Located in the southeast corner of Minnesota,  La Crescent is nestled between the Mississippi River and the picturesque bluffs.

It’s no wonder then that humans have inhabited this area, abundant with wildlife, for thousands of years. The most recent inhabitants before the White settlers were the Dakota Indians, who were a branch of the Sioux, and the Winnebago.

Following the 1803 Louisiana Purchase, Nathan Boone, youngest son of Daniel Boone was among the early surveyors of this area. The various Indian tribes who had lived here were moved out in the 1840’s to accommodate White settlement.

La Crescent was founded in 1851 by Peter Cameron and was originally called, “Camerons”. Peter and his wife, Emma, were two of the town’s most colorful characters. Peter tried to dig a canal to change the flow of the Mississippi River so it would flow closer to La Crescent and bypass La Crosse, Wisconsin across the river. He died 10 weeks before its scheduled completion in 1857, and the canal was never finished, although the canal can still be seen in aerial photographs of the city.

The second name of La Crescent was “Manton”, named by William and Harvey Gillett, after they cleared the downtown area for settlement for Peter Cameron. In quick succession, the name of the town was changed again by the somewhat unscrupulous Kentucky Land Company, which was a land speculation company. They wanted a more romantic sounding name for the town to attract settlers and came up with “La Crescent”, after the bend or “crescent” shape of the Mississippi River around the town. La Crescent incorporated in 1857.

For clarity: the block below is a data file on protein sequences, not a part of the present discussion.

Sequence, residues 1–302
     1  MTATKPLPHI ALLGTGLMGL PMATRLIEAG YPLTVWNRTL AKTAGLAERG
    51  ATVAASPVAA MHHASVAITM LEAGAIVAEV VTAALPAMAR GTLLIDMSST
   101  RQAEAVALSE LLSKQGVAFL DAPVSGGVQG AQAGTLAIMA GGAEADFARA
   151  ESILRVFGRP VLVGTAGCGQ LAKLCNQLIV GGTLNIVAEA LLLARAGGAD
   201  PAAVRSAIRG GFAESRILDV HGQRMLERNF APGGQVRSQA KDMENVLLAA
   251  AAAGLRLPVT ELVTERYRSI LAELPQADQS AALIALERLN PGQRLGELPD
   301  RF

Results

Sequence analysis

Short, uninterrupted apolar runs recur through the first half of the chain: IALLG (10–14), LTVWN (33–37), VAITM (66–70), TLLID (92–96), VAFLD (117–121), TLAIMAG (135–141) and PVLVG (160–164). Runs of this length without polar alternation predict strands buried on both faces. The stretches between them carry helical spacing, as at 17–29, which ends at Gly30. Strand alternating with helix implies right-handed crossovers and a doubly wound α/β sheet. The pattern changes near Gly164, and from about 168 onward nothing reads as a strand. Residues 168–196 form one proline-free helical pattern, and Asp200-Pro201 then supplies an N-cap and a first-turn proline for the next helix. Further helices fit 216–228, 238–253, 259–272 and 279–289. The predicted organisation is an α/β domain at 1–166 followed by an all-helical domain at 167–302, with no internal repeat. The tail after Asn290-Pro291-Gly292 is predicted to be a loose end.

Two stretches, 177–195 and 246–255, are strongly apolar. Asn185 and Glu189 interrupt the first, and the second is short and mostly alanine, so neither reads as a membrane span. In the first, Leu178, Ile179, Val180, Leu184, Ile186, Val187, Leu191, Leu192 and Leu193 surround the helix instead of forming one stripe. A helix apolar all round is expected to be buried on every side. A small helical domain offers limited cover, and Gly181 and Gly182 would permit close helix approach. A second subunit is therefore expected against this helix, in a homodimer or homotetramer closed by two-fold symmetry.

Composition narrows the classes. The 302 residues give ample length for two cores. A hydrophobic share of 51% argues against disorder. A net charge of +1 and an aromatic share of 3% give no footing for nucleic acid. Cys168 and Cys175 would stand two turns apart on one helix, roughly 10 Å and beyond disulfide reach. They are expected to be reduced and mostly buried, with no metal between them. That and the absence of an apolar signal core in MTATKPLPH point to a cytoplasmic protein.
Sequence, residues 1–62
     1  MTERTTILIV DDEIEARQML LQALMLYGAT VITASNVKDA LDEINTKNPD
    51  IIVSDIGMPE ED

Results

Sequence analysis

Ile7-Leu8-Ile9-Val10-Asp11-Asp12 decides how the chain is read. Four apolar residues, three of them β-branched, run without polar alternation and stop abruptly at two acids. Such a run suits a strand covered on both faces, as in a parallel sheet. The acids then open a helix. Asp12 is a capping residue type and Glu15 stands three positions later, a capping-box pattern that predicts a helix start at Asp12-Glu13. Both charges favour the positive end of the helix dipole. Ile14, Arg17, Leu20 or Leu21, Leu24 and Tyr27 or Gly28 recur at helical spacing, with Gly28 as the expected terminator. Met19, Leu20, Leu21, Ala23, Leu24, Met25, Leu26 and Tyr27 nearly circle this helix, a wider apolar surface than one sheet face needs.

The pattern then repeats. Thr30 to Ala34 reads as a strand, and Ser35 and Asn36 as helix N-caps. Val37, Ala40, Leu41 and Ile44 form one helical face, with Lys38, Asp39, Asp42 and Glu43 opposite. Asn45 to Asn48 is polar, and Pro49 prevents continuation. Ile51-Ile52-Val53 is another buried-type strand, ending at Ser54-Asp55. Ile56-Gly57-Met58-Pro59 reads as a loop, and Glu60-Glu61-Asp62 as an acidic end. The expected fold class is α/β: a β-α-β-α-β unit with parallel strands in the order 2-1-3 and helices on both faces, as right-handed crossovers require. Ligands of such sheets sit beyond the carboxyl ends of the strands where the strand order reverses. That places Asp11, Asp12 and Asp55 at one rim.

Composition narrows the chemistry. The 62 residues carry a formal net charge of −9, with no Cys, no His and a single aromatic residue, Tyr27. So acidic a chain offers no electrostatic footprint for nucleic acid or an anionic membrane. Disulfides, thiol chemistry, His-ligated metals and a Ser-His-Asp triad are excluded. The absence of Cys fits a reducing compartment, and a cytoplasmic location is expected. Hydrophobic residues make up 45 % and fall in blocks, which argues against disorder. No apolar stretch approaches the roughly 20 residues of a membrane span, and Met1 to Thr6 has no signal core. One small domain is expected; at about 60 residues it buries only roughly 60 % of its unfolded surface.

1857 La Crescent

John S. Harris arrived in La Crescent in 1856 and soon gave the town its identity of” Apple Capitol of Minnesota”, a title that the city copyrighted in 2002. Despite the belief “by 99 out of 100” people that apples could not grow in Minnesota”, Harris planted his first apple trees here in 1857 and experimented with them until he grew trees hardy enough to withstand the severe Minnesota winters. He planted thousands of apple trees and hundreds of varieties, a full half of which he said were complete and total failures. Harris became known as “Father of the Orchardists” in Minnesota and was also a founding member of the Minnesota State Horticultural Society. Since 1947 La Crescent has celebrated this apple heritage annually with a weekend festival know as Applefest.

La Crescent has entertained a number of businesses throughout its history, but the one that has endured the longest is the apple industry. Around the 1940’s La Crescent had about 40 small orchards in and around the city. Although the number of orchards has dwindled to less than a dozen, the acreage is about the same, as the orchards have been expanded in the bluffs farther away from the city .La Crescent grows gourmet apple varieties not found in most other places. Eighty per cent of its apples are sold in Minnesota, although they are also exported to surrounding states and Canada. Meanwhile, people continue to flock to the beauty of La Crescent.

La Crescent Historical Society Website